Fife added everyone makes a big deal about his 703 wins but the losses stay on his mind.
“I can’t stand the thought of having more than 100 losses. Those losses drive me crazy.”
After coaching for over three decades, Fife will miss a few things.
“Practice,” he said. “I miss practices and being with the kids. I miss the locker room and the post game. I don’t miss pre-game. I am worrying if I am not worrying. I am still as competitive as I was when I was playing.”
Fife added he hadn’t imagined when he was playing for Clarkston he would have been coaching the team and for so long.
Fife graduated from Clarkston High School in 1967. He scored a total of 1,589 points when he played as a Wolf and was the first freshman to play varsity basketball for Clarkston.
“I was thinking the other day, I started playing high school ball in 1963 and I just want to take this time to thank the Sherman family, Jim Sherman, Sr. (Clarkston News publishers), they have said so many nice things about me over the years and supported our programs,” the coach said. “They followed me when I was at Michigan when I played in college. Then, when I was with the Tigers, then the Twins. They have done so much, so many nice things for me. I just want to thank them for supporting Clarkston and making Clarkston feel like home. I think also for all the readers as well, we have a paper who follows their children’s successes, whether it be academics or whatever.”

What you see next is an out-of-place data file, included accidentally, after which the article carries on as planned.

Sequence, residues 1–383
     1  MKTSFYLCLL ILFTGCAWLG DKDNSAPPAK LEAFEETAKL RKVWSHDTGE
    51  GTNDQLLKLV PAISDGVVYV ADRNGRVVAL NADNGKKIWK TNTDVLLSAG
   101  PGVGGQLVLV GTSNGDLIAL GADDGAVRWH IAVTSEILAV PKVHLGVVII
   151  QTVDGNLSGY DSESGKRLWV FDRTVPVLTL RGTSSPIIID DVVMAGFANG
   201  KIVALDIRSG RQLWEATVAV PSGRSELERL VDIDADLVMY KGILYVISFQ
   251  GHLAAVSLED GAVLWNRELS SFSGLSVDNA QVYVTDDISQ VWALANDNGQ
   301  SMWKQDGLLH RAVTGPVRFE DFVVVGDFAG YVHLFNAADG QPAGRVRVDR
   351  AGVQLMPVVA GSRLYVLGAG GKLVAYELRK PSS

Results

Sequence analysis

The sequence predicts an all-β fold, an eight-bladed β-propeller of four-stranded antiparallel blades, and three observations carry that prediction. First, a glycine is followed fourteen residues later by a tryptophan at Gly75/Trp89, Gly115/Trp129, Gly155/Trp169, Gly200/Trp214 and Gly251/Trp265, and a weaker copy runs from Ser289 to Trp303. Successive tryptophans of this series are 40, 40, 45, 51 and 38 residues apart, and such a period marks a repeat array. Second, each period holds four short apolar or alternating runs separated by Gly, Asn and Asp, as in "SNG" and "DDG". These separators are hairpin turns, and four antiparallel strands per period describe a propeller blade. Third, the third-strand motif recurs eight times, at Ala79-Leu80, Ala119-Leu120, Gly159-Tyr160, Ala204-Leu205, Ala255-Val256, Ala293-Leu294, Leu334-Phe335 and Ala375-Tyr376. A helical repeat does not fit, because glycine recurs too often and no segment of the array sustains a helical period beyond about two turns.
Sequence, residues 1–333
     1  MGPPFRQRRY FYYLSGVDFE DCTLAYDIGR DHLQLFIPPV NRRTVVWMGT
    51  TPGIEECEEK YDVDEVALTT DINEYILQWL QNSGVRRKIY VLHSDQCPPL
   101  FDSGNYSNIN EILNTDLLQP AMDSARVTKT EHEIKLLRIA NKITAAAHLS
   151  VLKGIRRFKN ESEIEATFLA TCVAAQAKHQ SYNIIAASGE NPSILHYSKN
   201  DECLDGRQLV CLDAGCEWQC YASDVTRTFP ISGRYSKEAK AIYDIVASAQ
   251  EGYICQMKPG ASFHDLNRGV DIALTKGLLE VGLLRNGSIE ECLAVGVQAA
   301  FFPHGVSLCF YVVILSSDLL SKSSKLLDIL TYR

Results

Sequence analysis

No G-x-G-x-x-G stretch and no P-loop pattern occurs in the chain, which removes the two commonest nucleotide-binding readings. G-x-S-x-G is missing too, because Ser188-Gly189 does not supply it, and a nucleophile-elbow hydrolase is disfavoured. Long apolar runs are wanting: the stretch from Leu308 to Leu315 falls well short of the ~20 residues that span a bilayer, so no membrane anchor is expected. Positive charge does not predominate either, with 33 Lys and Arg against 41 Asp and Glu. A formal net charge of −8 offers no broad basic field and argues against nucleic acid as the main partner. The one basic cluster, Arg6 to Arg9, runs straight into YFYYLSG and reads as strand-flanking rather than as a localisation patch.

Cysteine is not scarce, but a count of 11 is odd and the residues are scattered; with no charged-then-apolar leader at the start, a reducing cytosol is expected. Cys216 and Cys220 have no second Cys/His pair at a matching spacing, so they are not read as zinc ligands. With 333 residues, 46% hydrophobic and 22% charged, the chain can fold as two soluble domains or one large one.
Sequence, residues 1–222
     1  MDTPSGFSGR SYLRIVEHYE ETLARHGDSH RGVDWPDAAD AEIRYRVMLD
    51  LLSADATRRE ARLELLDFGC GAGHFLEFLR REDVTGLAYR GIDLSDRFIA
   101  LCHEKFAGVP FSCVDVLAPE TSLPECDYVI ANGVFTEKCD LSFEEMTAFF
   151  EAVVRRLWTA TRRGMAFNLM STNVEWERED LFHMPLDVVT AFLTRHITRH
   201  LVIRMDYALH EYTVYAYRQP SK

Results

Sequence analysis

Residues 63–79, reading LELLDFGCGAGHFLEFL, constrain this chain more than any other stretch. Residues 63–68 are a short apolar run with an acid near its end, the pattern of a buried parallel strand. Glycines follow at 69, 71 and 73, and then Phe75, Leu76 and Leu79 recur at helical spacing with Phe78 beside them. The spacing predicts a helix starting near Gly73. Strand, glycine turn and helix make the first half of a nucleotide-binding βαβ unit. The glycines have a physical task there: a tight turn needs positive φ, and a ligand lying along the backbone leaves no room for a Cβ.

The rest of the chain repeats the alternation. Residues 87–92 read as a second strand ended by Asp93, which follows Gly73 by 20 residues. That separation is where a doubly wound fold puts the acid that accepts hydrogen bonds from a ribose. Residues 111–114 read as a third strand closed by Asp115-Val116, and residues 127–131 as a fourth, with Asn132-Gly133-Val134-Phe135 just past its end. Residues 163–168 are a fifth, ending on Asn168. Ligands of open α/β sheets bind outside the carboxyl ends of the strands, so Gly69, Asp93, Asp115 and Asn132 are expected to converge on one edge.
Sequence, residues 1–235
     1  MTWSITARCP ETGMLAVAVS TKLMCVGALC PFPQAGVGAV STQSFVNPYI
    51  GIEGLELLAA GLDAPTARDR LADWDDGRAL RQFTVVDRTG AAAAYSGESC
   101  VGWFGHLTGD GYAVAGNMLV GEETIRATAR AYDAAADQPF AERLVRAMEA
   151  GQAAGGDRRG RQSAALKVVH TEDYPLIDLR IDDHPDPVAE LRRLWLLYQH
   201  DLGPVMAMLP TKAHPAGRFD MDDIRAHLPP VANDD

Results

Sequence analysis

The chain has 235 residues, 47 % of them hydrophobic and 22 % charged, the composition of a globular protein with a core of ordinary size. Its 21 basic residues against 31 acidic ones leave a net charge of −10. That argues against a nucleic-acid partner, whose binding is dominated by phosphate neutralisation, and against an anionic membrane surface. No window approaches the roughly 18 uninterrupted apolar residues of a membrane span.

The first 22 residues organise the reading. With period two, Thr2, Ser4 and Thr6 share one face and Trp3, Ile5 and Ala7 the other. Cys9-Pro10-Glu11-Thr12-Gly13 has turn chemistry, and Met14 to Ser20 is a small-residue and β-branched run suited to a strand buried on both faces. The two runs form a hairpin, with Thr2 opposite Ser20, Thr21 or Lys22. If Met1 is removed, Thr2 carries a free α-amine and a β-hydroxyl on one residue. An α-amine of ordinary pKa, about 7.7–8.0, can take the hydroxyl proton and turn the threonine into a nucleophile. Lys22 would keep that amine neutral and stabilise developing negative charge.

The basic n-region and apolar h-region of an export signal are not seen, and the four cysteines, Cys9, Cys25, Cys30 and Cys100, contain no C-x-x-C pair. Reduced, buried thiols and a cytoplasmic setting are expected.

Fife continued his basketball career at University of Michigan. Then, he moved on to playing professional baseball for the Detroit Tigers and the Minnesota Twins. He injured his shoulder during the off season with the Twins. Then, he went back to University of Michigan and was an assistant coach.